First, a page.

Minor league baseball is also big in the Triangle as two local teams have a big following. The Durham Bulls, made famous by the Kevin Costner movie “Bull Durham,” along with the Carolina Mudcats, a class AA affiliate of the Cincinnati Reds, usually play host to packed crowds on weekends in the summer. Also, the RBC Center in Raleigh is the home ice for the 2006 Stanley Cup Champions, the Carolina Hurricanes. And, for NFL fans, the Carolina Panthers are only a two-hour drive away in Charlotte.
If you prefer to be a part of the action, the Triangle is a virtual playground for those who like hiking, biking, fishing, canoeing, kayaking, and water skiing. And many towns and cities throughout the region have Parks and Recreation Departments that maintain parks, swimming facilities, community centers, and soccer and baseball fields.
For shopping, many of the state’s largest shopping malls are located in and around the Triangle. Raleigh’s newly built Brier Creek and Triangle Towne Center, along with a redone North Hills mall and the venerable Crabtree Mall, have lots to offer the weekend shopping warrior. Don’t forget to check out Durham’s Brightleaf Square and the Streets at Southpoint along with Cary’s Crossroads Plaza and the Cary Towne Center. Each of these popular malls has something unique to offer even the most discriminating shopper.
So, no matter what you are looking for in a place to relocate, the Triangle is sure to meet your every desire. From a stable economy and job opportunities to housing to healthcare to recreation and entertainment options, everything for you is waiting here. Come join the residents of the Triangle and help us continue to carve out an excellent quality of life.
Thursday, March 19, 2009
TEA PARTIES ACROSS NORTH CAROLINA TO PROTEST GOVERNOR PERDUE'S
PROPOSED TAX HIKES!
Governor Beverly Perdue recently proposed steep tax increases amounting to $680 million in her budget proposal intended to stimulate North Carolina ’s bruised economy.
AFP- North Carolina is very excited to join hands with the many grassroots activists across the country to protest not only Governor Perdue's tax hikes, but all federal bailouts, spending sprees, so-called stimulus packages, earmarks and fiscal irresponsibility in national, state, and local governments.
Please attend one or more of these events and help us spread the word. Our economic freedom is under attack and we must fight back. All of the events below are free and open to the public. (If you are having an event and we don’t have it listed, please email us at firstname.lastname@example.org)
Date: Saturday, March 21, 2009
NC State Capitol (east side) downtown Raleigh
Free Lunch for the first 150 people who attend. Rain or shine.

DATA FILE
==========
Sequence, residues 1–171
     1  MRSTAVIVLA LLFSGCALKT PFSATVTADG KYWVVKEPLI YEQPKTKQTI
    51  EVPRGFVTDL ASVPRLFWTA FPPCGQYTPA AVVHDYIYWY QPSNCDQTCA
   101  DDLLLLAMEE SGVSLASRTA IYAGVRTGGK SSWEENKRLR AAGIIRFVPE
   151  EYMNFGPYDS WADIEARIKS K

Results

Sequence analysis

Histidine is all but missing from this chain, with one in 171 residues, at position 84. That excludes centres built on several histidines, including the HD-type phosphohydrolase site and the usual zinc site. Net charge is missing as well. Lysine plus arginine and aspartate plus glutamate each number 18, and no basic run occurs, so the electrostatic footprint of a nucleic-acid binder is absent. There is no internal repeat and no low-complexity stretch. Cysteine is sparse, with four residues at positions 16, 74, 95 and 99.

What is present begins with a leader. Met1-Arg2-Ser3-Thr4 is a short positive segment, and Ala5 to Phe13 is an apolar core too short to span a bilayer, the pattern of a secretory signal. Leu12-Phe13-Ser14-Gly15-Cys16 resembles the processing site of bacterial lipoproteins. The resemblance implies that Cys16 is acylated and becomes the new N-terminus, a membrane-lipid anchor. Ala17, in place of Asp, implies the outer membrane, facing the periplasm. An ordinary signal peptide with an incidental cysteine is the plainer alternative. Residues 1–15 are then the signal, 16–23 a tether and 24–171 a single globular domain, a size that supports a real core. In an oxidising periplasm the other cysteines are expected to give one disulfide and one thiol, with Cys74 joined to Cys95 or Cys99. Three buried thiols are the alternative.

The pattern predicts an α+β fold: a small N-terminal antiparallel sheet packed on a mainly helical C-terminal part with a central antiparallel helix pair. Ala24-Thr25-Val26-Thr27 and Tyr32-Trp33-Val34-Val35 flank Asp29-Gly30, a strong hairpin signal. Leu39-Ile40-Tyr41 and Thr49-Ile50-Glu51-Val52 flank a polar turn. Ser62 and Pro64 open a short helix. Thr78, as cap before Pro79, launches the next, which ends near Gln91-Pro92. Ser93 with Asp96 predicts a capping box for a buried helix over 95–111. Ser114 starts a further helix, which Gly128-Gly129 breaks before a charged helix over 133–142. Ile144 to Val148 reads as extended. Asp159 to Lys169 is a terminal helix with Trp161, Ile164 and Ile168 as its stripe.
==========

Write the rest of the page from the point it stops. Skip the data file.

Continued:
Register online here.
Date: Saturday, April 4, 2009
11:00-1:00pm 35.2176 -80.8389
Marshall Park, Second and McDowell Streets, 28204
Need info? email@example.com
Date: Tuesday, April 7, 2009
Wilmington Tea Party on the Cape Fear River: “Taxation Without Representation”
Protest at the waterfront by the Federal Building in Wilmington. Federal Building is located at N. Water Street between Market and Princess.
Then, the Tea Party will march to City Hall for a City Council meeting at 6:30 pm. One item on the agenda is a public hearing for the annexation of Monkey Junction area.
City Hall is at 102 N. 3rd Street, Wilmington, NC 28402
Register online here.
Date: Wednesday, April 15, 2009
Edenton Courthouse Green ( Chowan County)
Note: The Edenton Tea Party was one of the earliest organized women’s political actions in United States history. On October 25, 1774, Mrs. Penelope Barker organized, at the home of Mrs. Elizabeth King, fifty-one women in Edenton, North Carolina. Together they formed an alliance wholeheartedly supporting the American cause against “taxation without representation.”
This event will include Revolutionary war re-enactors to celebrate the famous Edenton Tea Party. This is a once in a lifetime event to celebrate our past and protect us from a future of debt and high taxes.
Please register today here.
Read more about the history of the Edenton tea party here.
Date: April 15, 2009
Note: Two Raleigh Tea Parties on this date—different times and locations—attend both!
4:30-6:00 pm (tentative)
Federal Courthouse. New Bern Avenue across from the Post Office
6:30pm - 8:30 pm
NC State Capitol at One East Edenton Street (east side)
Register online here.
Date: Wednesday, April 15, 2009
Sidewalk in front of Asheville City Hall and Buncombe County Courthouse
Non-partisan Movement to Repeal the Pork!
Date: Wednesday, April 15, 2009
Center City Park, downtown Greensboro, between Elm and Davie streets
More details here.
Register online here.
Date: Wednesday, April 15, 2009